There is no information on the percentage of gastrointestinal infections acquired from animal exhibit settings. However, almost every year, at least one or more outbreaks of E. coli O157 are linked to an agricultural exhibit in the United States. Outbreaks involving a few people may go undetected or unreported. Other outbreaks have involved large numbers of visitors to agricultural fairs. In Ohio alone, there have been three outbreaks in the past five years, some involving a large number of people. Research has demonstrated that most animal-holding environments at agricultural fairs are contaminated with either E. coli or Salmonella. Thus, it is prudent for visitors to assume that most of these environments may be contaminated and to take precautions.
Human infections associated with animal exhibits can be prevented in two primary ways — thorough hand washing and by not eating or drinking in the animal areas.
Investigations of several animal exhibits associated with disease outbreaks among people have clearly identified hand washing as an important, if not the single most important, factor, in preventing disease. In one study, people who washed their hands after visiting an animal contact area were five times less likely to become ill than those who did not wash their hands. Hand washing should be done with large amounts of water, preferably warm, and with soap. Hands should be washed for at least 20 seconds and dried with a single-use paper towel.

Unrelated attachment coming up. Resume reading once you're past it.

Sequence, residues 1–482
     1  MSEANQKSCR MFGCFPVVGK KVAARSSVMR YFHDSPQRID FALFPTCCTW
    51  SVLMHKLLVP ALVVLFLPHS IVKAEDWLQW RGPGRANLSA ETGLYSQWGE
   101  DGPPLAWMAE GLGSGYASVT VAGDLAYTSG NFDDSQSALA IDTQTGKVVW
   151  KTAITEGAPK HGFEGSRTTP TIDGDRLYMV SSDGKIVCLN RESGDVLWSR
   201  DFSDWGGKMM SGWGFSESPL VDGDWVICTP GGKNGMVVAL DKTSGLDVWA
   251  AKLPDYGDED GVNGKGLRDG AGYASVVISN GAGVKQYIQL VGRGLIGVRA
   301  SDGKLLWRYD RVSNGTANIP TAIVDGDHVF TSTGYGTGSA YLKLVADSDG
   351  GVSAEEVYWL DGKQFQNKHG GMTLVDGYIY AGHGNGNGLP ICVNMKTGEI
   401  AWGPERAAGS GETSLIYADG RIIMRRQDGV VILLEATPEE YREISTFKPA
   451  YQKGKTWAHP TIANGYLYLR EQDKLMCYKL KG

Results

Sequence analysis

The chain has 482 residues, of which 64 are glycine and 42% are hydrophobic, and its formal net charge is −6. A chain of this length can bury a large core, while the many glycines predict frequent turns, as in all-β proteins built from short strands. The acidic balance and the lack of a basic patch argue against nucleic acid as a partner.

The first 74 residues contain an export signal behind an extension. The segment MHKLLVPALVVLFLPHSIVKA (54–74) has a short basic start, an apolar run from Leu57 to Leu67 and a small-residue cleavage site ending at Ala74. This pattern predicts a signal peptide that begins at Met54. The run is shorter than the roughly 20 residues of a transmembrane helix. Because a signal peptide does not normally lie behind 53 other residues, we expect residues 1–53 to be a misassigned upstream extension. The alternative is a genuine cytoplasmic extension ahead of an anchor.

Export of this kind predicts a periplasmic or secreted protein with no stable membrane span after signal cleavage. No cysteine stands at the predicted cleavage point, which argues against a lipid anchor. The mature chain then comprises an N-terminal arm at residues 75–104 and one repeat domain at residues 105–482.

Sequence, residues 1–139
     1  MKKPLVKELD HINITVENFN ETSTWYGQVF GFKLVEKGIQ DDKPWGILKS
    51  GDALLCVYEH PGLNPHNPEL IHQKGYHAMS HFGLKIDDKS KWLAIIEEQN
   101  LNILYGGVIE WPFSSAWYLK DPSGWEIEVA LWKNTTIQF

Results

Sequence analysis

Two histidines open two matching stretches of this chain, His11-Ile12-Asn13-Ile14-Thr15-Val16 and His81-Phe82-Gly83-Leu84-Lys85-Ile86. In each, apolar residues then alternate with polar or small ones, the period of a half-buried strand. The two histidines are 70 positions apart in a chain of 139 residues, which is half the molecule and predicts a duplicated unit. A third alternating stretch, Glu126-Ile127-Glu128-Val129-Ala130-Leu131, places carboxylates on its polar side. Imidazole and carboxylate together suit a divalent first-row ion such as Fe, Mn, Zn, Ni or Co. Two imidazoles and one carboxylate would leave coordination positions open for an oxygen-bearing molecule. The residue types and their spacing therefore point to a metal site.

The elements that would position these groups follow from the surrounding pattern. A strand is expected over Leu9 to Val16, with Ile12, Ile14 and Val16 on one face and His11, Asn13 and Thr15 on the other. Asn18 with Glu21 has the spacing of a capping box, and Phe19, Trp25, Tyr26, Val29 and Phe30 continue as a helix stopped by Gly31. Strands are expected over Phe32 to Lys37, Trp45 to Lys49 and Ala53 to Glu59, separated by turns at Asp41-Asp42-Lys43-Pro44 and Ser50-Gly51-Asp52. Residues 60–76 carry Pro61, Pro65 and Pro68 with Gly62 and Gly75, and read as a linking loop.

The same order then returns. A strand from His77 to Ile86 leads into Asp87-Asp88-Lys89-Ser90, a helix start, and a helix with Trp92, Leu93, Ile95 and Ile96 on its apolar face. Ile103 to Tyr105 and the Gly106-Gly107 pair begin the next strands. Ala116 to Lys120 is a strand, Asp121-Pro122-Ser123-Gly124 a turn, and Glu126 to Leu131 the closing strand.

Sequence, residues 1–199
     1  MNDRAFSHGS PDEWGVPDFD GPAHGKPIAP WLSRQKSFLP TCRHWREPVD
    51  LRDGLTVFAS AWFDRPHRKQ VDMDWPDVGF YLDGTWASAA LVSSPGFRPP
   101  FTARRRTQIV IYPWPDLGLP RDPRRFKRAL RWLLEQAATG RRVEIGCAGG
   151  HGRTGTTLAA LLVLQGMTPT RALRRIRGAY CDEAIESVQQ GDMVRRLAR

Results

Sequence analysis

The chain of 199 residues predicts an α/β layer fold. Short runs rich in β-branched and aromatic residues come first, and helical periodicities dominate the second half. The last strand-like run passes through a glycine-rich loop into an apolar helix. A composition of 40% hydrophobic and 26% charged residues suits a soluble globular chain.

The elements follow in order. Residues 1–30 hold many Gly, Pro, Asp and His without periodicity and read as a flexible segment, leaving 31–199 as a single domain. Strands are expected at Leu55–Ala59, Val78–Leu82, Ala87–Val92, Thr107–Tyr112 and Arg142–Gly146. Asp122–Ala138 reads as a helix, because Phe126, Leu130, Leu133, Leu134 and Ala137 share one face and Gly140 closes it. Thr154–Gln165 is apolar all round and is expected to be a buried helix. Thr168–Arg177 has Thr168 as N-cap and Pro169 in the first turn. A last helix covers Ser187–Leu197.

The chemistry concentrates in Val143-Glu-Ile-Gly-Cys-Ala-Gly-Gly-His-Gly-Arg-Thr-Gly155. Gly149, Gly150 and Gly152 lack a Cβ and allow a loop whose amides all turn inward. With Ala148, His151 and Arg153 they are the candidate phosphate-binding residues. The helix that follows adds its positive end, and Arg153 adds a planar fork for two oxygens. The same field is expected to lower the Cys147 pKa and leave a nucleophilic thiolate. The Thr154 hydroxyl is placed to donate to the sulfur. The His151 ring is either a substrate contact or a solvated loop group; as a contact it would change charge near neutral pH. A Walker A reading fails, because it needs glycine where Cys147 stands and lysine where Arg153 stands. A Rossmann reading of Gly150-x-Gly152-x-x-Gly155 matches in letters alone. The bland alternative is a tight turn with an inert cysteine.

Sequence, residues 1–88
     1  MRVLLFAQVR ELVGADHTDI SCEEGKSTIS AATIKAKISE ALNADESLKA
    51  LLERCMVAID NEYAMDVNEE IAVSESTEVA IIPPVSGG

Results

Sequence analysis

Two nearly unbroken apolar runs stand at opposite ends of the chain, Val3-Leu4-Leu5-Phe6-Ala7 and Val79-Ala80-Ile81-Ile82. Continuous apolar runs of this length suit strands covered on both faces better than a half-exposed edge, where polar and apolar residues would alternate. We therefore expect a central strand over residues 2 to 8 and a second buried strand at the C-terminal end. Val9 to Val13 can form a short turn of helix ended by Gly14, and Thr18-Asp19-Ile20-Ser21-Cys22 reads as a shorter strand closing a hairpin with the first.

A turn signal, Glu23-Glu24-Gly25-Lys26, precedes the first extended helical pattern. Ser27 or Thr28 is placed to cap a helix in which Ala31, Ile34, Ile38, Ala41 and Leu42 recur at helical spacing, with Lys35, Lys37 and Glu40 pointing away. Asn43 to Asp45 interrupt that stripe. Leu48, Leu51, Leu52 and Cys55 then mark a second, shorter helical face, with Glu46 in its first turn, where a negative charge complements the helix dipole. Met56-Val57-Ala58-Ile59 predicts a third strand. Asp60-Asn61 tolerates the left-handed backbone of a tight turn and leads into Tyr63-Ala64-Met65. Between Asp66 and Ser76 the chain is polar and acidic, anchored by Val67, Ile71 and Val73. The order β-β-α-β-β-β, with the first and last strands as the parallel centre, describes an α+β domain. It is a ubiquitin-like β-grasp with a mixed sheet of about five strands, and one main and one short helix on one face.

Eating, drinking, or simply bringing food into an animal-holding area can be hazardous. People who eat or drink in animal-holding areas were almost fives times more likely to get ill than people who do not eat or drink in those areas. Food should be stored and consumed in areas completely separated from animal-holding areas and only consumed after thoroughly washing hands.
Waterless hand sanitizers, such as those containing alcohol, are often provided at animal exhibits. These products have been proved effective at reducing the transmission of infections in hospital settings. However, there’s no evidence that sanitizers will work on dirty hands after visiting animal-housing environments. It only takes a few E. coli cells to cause human infection, and they can be hiding in dirt under nails, where hand sanitizers won’t be able to kill them. Also, Cryptosporidium is notoriously resistant to many disinfectants. These hand-hygiene produces may be helpful, but they should not be relied upon as a substitute for hand washing with soap and water, which should be done as soon as possible after visiting a barn, and definitely before eating.
Contact with agricultural animals and their housing environments poses the obvious hazards of being kicked, stepped-on, or knocked over. Other hazards that are not so obvious include a variety of infections including, but not limited to, those listed previously.
Notwithstanding, visits to agricultural fairs and petting zoos can be made safe. Refraining from eating and drinking in animal-holding areas are practices clearly shown to reduce the risk of human infection at animal exhibits.
Young children should be supervised at all times while in animal-holding areas to prevent hand-to-mouth activities. Adequate hand washing with soap and water, including assistance to young children, is an effective measure to prevent infection. Following these two simple steps will help make visits to animal exhibits safer.
For more information, log on to: www.cdc.gov/mmwr/preview/mmwrhtml/rr5404a1.htm